Finding Your Authentic Brand

iStock_000014390301_MediumBy Tyler Sprecher, Executive Vice President, Creative & Brand Strategy

The topic of Authentic Brands seemed quite appropriate, and jumped off the page, as I reviewed the upcoming LeadingAge education session topics, particularly given my role as executive vice president, creative & brand strategy for Love & Company, and my recent experience with choosing the right boot and hat manufacturers (I settled on Justin) for my trip to Nashville. After all, who wants to be viewed as a fake cowboy, fake retirement community or fake anything else for that matter?

Authentic Brands: Aligning Story, Culture and Space, was one of the early LeadingAge educational sessions I attended shortly after arriving in Nashville. The session’s presenters were Deanna Francl, principal of Gensler, and Kim Daly Nobbs, chief marketing officer for Willow Valley Communities. These two organizations joined forces and embarked upon on a brand refresh for Willow Valley a little more than one year ago, and the presentation centered around the Willow Valley case study.

According to our presenters, many branders are focused on what’s on the surface; it’s imperative to dig deep, create organizational alignment and authentically articulate the brand promise. To accomplish this, it’s often best to partner effectively with a professional organization that can guide you through the process.

“It’s hard to do internally when it’s part of the water you are swimming in,” says Deanna Francl.

Some key probing questions to ask when working towards the creation of an authentic brand include:

  • Who do we think we are vs. who we really are (culture is internal; brand is external)?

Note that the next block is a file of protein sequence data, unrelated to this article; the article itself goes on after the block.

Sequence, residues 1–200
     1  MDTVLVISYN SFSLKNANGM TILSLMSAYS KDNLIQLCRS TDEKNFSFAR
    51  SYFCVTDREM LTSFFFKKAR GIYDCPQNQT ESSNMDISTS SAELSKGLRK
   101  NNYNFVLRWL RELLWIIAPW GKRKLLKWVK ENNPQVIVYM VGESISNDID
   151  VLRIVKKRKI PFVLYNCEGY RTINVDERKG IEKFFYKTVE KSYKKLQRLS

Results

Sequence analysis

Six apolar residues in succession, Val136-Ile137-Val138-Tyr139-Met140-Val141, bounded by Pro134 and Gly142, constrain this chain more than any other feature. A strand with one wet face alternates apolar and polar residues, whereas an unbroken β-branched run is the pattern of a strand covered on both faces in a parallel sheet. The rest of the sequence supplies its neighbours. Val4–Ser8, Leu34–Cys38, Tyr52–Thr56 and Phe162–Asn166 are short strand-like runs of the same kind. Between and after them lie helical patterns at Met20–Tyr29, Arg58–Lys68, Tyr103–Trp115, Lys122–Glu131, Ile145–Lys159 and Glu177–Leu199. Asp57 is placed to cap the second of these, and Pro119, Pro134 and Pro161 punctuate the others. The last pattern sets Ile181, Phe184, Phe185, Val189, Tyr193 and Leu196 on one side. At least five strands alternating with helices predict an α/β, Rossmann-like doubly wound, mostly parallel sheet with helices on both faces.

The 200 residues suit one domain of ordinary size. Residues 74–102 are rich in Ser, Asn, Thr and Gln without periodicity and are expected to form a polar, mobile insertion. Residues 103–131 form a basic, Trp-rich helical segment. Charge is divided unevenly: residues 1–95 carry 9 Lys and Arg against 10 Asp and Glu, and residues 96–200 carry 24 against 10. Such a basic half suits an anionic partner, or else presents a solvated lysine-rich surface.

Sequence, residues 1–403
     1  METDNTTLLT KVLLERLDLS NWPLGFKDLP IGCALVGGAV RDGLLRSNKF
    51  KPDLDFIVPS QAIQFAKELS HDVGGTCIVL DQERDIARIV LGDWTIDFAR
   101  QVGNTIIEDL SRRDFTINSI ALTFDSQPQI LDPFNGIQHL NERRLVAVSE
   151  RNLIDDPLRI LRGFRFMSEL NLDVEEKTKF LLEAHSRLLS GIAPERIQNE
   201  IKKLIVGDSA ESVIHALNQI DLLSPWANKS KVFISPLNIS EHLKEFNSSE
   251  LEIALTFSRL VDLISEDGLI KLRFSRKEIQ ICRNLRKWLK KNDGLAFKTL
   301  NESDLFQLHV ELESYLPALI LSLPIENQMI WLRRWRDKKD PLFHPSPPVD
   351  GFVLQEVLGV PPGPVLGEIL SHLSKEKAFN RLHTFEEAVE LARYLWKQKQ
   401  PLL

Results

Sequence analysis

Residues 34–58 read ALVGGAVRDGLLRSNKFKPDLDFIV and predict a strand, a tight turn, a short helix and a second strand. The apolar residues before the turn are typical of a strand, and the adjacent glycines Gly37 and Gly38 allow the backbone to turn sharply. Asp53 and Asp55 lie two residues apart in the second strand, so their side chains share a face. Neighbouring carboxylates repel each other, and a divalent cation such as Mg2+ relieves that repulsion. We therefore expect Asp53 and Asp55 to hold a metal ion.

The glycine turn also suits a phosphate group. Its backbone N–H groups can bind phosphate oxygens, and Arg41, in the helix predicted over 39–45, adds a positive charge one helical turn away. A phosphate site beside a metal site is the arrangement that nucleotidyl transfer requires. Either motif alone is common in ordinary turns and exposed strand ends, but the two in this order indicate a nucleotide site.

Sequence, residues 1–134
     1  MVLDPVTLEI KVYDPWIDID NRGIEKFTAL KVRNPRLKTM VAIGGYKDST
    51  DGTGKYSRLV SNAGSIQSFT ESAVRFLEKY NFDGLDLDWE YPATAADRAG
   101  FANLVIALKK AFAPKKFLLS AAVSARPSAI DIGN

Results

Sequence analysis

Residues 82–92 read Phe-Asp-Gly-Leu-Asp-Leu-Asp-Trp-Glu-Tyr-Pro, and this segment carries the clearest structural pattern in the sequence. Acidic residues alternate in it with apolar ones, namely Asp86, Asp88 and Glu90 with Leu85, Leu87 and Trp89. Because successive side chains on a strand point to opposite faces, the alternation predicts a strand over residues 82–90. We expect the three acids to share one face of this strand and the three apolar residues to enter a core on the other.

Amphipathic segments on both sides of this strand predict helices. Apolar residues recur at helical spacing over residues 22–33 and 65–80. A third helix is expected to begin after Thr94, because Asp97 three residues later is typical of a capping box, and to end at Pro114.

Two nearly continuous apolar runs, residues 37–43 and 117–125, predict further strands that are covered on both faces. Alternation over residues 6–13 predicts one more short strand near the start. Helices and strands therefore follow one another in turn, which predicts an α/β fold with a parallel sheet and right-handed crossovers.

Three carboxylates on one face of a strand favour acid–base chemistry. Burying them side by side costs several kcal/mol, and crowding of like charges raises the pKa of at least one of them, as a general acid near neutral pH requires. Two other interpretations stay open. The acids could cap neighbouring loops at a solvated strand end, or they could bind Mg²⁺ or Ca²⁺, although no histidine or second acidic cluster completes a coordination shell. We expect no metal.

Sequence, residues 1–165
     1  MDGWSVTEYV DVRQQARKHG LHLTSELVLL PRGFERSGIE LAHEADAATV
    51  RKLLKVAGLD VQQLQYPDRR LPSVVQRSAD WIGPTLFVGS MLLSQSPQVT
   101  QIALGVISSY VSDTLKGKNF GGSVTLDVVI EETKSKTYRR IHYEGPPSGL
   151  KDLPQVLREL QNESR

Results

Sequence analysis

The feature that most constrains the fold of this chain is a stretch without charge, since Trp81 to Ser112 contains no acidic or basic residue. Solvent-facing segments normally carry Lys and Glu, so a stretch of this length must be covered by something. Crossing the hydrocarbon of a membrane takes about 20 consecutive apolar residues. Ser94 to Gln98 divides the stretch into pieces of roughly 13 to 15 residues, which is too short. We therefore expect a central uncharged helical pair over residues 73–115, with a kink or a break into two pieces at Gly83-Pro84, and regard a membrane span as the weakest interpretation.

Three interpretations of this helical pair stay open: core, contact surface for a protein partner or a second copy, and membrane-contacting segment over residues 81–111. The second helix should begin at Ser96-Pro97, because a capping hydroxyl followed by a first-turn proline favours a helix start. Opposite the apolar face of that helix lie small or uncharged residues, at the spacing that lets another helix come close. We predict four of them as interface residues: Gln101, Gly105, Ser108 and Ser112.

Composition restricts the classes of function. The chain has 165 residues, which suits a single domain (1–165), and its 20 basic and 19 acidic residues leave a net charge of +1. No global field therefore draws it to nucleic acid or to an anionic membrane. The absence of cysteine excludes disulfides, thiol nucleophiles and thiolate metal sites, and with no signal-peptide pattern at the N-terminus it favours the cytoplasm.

• Who do our constituents think we are (they see and know the inequities)?
  • What organizational and cultural assumptions of mission, vision and values must be tested?

Tip: Challenge your own personal assumptions about your organization.

“You have to market your brand to your employees.”—David F. D’Allessandro—Brand Warfare

To create (and maintain) organizational alignment, pursuers of authentic brands must:

  • Nurture and manage the culture you desire.
  • Be a learning organization rather than a knowing organization.
  • Don’t ride on success that’s no longer a reality.
  • Engage everyone in the process.
  • Enlist the CEO or other person as the brand champion.
  • Identify and eradicate brand misalignment.

Tip: Make sure that everything strengthens the brand rather than muddies it.

“The Alchemy of culture and brand are expressed in the day-to-day habits of the organization, which turn out to be self-reinforcing.”— Kim Daly Nobbs

When working to authentically articulate the brand promise, an organization must ask:

  • What makes us special?
  • What is our unique value proposition?
  • What can you claim that no one else can?

Tip: Here, it’s really important to let your passion and personality speak!

“Persistence, while also allowing the brand messaging to evolve and become increasingly more authentic to the organization’s culture and external brand, is critical.”— Deanna Francl

In the case of Willow Valley Communities, becoming a more authentic brand manifested itself or was achieved in the following ways:

  • They took “retirement” to “ageless thinking,” because retirement was not consistent with the brand.
  • They developed new spaces and products attracting younger seniors who want a “hipper” look and the ability to shape their own experience.
  • They mapped out each audience with touch points, and determined how best to communicate their story for each.
  • They moved the photography away from what the environment looks like and towards what it allows you to do and experience.

Tip: It’s not just what you provide, but the feeling you create.

The presenters shared how, over time, society has moved from an agriculture economy, where families spent pennies to make their child a birthday cake and celebrate at home, to “The Experience Economy,” where parents are willing to pay $100 to eat pizza and have an oversized rat in a costume hand a cake to their child.

In “The Experience Economy,” people are willing to pay for (and have come to expect) choreographed moments that create memories. So today, businesses must orchestrate meaningful events for their customers and those meaningful events become the memory of the brand.

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